No, really. Yes it could happen, but the victory at Old Trafford was a set of circumstances we are unlikely to see again. City deserved the victory, but United's suicidal defending in the last five minutes might well have been the most bizarre thing I've seen from a Ferguson side. I mean, greatly appreciated an all; get to dance in the streets and chant 6-1 to the heavens, but still bizarre.
I have continually counseled that Ferguson is the master of the squad, winning titles year in and year out when frankly he faced better first 11's at other sides. So it is this year where I'd take City, and Spurs for that matter, to win the majority of games against United if it was only based on the starting first team. Patrick Vieira may have thought that the return of veteran Paul Scholes was a desperate move by Ferguson, but unfortunately I didn't. I felt at the time that United would win the title, and I still do regardless of tonight's result.
I know... it kills me to write that. However that's the reality, as much as the fan in me wants City to win their remaining games.
I was surprised when Scholes retired. That he had lost a step or three was obvious and his tackles had become more mis-timed than ever, which was difficult to imagine. However he remains one of the better passers of the ball in the world and I had expected that he would have become a player-coach this year taking up the final place on the United squad and being used just as he has. An occasional game here and there. Hopefully that doesn't include tonight.
What Scholes and Giggs bring to United is continuity. As the new players join the team they are indoctrinated into the United, and Ferguson's, way. This is City's biggest weakness. The club doesn't have that collective memory of tried and true success. Time and again, United win the title in the latter stages of the season. City could win the title this year, but the club has to have a corp of players; Hart, Kompany, Milner, Silva, Aguero, Johnson and Richards playing for the team for another two to three years and being successful before City reach that level of expectation. For as much as United fans show their historical ignorance as to the great City teams of the past, there is more than a kernel of truth concerning the past 30 years when it could be said that City had no history.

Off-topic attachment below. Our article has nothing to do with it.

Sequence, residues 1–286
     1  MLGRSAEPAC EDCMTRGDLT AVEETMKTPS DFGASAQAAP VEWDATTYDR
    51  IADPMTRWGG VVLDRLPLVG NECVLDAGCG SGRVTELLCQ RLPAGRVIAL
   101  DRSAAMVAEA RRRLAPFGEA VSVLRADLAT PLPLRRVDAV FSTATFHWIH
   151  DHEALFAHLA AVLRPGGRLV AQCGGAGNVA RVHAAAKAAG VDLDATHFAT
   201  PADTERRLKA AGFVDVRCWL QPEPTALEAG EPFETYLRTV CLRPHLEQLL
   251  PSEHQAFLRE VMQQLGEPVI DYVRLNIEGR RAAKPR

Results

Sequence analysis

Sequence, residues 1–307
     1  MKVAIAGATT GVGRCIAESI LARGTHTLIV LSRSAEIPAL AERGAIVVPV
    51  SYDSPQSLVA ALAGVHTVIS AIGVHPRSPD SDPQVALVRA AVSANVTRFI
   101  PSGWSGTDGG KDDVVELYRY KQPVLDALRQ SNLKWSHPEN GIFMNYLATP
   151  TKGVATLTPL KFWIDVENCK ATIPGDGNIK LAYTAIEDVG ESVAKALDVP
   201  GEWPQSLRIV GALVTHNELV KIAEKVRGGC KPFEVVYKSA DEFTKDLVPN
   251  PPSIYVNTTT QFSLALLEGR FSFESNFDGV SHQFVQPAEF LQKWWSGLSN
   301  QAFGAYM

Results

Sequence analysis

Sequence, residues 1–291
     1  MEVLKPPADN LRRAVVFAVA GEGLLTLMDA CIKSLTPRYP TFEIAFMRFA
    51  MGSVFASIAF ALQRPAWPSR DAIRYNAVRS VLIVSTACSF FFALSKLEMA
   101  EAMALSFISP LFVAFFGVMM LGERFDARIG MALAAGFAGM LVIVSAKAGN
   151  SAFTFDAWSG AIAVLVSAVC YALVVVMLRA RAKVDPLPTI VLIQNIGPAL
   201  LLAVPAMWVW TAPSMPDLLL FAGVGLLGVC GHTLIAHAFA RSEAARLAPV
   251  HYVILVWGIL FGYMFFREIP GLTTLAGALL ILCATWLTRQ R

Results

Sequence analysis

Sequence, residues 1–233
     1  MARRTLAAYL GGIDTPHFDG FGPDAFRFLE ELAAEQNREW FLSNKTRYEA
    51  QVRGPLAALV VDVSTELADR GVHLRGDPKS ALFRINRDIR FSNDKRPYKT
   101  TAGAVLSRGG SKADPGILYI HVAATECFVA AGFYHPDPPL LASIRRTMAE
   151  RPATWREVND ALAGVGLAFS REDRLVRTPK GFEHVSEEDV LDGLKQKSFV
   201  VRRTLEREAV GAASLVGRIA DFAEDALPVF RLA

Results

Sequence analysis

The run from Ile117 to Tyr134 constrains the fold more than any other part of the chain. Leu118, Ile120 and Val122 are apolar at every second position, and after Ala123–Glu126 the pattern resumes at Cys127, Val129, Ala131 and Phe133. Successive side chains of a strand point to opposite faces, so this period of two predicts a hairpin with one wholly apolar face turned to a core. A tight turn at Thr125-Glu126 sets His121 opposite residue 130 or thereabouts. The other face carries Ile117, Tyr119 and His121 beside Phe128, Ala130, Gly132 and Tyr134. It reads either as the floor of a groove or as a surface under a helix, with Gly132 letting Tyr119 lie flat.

Can City overcome? Of course the club can. United doesn't win the title every year and City have an opportunity to really change the climate of English football should they do so this year. But City have to take the long view. This is about being relevant, one of the League favourites year in and year out. If we look at this impartially, which is darn difficult, the club has made huge strides this year. If you want to be brutally honest I think City would have already won the title if Mourinho was in charge rather than Mancini. The Italian's decision to play Nasri rather than Milner has I believe cost the team the points that would have won the Championship. That being said, second place, playing for all the marbles tonight at this stage late in the season is a magnificent achievement. Regardless of what happens, City grow from this season.
I've heard that Mancini has been worried that he would lose his job if he didn't win the title. Even though I believe that City will not win it this year and that Mourinho would have done a better job for the first time I'm advocating not bringing in Mourinho even if he becomes available. Mancini has built a good team, and a useful squad. City can win the title under Mancini and that's good enough for me.
Tonight? A 2-2 draw, maybe even a 3-1 United win. I'd love to write that City will do as well as they did against United at Old Trafford, but then there was no pressure on the club. As I wrote in the title, my heart says yes, but my brain sees this not turning out well. Hopefully I'm wrong.